George Bowers Sr.: Show sheep or market lambs?

Another Shenandoah County Fair has come and almost gone. It’s nearly over except for the packing up, cleaning up, and the resting up. If you haven’t yet attended this 100th anniversary year, you’d better hurry before all the hullabaloo concludes.

Fair time is a highlight for many in the county and it provides the perfect opportunity to visit with friends while enjoying some really delicious, if unhealthy, cuisine.

While I enjoy seeing who won the blue ribbons in the exhibit buildings, one of my favorite visits is to the cattle barns. I like to stroll through the livestock and review some really excellent animals from Shenandoah County farms. Various breeds of cattle, sheep, hogs, and goats add a special dimension to the annual event. Both adults and children work hard year round to prepare their animals for this climactic affair.

In addition to the breeding stock, you find the market animals exhibited by FFA and 4-H members. These particular critters have been bred or purchased and carefully fed in the months leading up the show with one primary purpose in mind: winning. While each competitor understands not everyone can triumph, all dream of taking home the Grand Champion banner.

As a former Agricultural Education instructor, I appreciate the intensity and seriousness with which these young people take their tasks. Record books reveal the hours and dollars each child has spent leading up to show day. Not only do they concentrate on feeding and exercising their animals to present them at peak condition, but they also work with them for the showmanship contests which say more about the youth than their animals.

In the market shows, however, the animals take center stage. The excitement builds as the contestants lead their animals into the ring and present them before the discerning judge. One by one each entry is evaluated and appraised. After what seems like an eternity, the judge will walk over and congratulate the winners and then explain how and why the decisions were made, after which the animals are returned to their pens.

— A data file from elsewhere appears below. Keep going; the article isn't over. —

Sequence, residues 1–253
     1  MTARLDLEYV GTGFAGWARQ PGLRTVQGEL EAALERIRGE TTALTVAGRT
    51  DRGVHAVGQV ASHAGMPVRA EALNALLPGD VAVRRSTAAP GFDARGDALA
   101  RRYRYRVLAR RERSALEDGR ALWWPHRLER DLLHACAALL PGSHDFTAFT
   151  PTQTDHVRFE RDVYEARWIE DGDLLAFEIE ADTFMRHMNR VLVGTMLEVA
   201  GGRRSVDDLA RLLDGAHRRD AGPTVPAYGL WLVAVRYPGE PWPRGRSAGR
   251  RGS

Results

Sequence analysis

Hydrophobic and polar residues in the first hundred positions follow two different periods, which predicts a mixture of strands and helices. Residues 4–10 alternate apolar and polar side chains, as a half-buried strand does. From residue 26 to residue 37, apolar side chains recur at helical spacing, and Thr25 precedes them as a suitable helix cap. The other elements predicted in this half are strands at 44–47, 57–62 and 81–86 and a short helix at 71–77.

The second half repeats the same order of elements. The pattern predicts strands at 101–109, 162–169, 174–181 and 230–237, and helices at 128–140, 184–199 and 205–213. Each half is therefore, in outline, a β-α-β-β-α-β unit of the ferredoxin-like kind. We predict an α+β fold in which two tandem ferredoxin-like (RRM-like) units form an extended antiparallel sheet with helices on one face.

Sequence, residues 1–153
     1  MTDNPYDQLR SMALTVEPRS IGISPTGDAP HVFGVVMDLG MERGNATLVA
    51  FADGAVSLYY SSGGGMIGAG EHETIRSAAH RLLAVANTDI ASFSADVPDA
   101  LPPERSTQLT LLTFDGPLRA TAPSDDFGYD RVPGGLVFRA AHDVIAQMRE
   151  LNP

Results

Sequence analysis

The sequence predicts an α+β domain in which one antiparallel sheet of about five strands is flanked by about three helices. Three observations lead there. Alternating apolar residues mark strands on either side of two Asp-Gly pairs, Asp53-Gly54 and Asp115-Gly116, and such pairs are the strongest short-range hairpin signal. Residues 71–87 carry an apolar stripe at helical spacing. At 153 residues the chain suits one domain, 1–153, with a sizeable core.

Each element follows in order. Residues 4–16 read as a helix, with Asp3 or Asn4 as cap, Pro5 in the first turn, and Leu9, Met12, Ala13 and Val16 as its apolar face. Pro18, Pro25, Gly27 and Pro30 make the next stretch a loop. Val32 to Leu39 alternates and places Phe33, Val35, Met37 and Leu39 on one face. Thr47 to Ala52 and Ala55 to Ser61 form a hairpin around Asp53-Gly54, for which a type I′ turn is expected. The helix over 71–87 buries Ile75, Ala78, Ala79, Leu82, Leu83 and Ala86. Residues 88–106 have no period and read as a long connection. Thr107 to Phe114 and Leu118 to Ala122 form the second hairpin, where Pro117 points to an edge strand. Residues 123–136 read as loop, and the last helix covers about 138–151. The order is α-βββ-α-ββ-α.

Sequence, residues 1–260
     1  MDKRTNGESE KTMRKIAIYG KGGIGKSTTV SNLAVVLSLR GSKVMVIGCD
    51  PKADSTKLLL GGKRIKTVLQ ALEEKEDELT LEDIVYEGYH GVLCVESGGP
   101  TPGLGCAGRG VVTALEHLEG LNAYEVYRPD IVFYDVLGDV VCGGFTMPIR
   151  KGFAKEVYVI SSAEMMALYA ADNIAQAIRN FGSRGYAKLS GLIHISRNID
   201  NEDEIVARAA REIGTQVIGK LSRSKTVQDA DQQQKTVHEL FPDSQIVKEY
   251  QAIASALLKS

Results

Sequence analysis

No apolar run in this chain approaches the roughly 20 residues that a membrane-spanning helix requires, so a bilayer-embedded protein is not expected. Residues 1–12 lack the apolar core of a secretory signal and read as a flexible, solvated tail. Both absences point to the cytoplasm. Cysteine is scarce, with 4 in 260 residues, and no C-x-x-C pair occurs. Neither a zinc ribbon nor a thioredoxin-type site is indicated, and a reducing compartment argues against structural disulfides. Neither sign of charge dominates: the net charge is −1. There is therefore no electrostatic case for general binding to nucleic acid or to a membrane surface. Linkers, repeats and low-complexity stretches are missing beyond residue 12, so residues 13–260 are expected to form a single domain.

That trip to the show ring for judging is not their final visit there, however. Each market animal must return for the Saturday evening auction. It is always heartwarming to see hundreds of local businesses and individuals supporting our youth while driving prices up above market value. This not only covers expenses but provides seed money for next year’s show, school clothing and supplies, and in some cases, college savings.

As I pondered this annual event, I thought of the contrast between the show and the sale. I’m sure if the sheep could talk, they’d tell you how they prefer the show. To be paraded around and praised by the judge has to be very uplifting. I’m sure they’d also tell us how much they enjoy the crowd’s applause and the receipt of the ribbons.

What I bet they wouldn’t be as excited about, however, is the sale. Not only do they part ways with their owner to whom they’ve grown close, but it also means that slaughter is not far off. In spite of the competitive fervor and accolades, the ultimate purpose for these animals is meat production to provide human nutrition throughout the valley and beyond. In fact, it is those very characteristics affecting meat quality that they are judged by in their shows.

It’s not coincidental that Jesus referred to us as sheep. Given the option, I dare say most of us would rather be shown than slaughtered. Many of us like to show off and be seen but very few get excited about sacrifice. Jesus, however, was different. Although the Pharisees paraded around the ring strutting their stuff, Jesus quietly went about helping the poor and sacrificing Himself, even while alive, for the benefit of others. Ultimately, He was led like a market lamb to slaughter and sacrificed Himself upon the cross to bring nourishing life to all will receive Him.

Still today, Jesus isn’t much interested in outward appearances. His will for His followers is that we be ready for sacrifice rather than looks. It’s not nearly as glamourous and it doesn’t win many ribbons in the show ring of this earth, but in heaven, these are the attributes that will earn His eternal applause.

Let’s allow another year of great livestock shows at the fair to remind us of our ultimate purpose as Christians and let us live sacrificially to bless and help others. In Jesus, George

George Bowers Sr. is the Senior Pastor of Antioch Church of the Brethren and has authored nine books including his latest, Valley Verses, Volume III. He can be reached through www.georgebowersministries.com or at gabowers@shentel.net